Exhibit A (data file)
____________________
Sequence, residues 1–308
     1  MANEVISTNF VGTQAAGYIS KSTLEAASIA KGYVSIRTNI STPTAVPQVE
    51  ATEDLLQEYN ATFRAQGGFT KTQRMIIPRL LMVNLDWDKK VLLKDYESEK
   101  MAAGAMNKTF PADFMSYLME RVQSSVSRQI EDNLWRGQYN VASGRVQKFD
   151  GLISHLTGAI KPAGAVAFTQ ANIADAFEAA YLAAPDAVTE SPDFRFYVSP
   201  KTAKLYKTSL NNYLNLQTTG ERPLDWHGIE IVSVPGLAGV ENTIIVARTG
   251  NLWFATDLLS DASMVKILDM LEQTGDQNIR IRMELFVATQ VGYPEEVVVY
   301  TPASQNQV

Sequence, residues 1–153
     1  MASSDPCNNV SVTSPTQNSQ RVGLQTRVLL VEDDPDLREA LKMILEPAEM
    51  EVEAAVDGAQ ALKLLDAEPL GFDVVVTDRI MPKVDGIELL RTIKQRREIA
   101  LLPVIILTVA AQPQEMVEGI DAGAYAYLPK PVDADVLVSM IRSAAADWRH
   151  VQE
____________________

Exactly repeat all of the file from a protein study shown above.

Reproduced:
Sequence, residues 1–308
     1  MANEVISTNF VGTQAAGYIS KSTLEAASIA KGYVSIRTNI STPTAVPQVE
    51  ATEDLLQEYN ATFRAQGGFT KTQRMIIPRL LMVNLDWDKK VLLKDYESEK
   101  MAAGAMNKTF PADFMSYLME RVQSSVSRQI EDNLWRGQYN VASGRVQKFD
   151  GLISHLTGAI KPAGAVAFTQ ANIADAFEAA YLAAPDAVTE SPDFRFYVSP
   201  KTAKLYKTSL NNYLNLQTTG ERPLDWHGIE IVSVPGLAGV ENTIIVARTG
   251  NLWFATDLLS DASMVKILDM LEQTGDQNIR IRMELFVATQ VGYPEEVVVY
   301  TPASQNQV

Sequence, residues 1–153
     1  MASSDPCNNV SVTSPTQNSQ RVGLQTRVLL VEDDPDLREA LKMILEPAEM
    51  EVEAAVDGAQ ALKLLDAEPL GFDVVVTDRI MPKVDGIELL RTIKQRREIA
   101  LLPVIILTVA AQPQEMVEGI DAGAYAYLPK PVDADVLVSM IRSAAADWRH
   151  VQE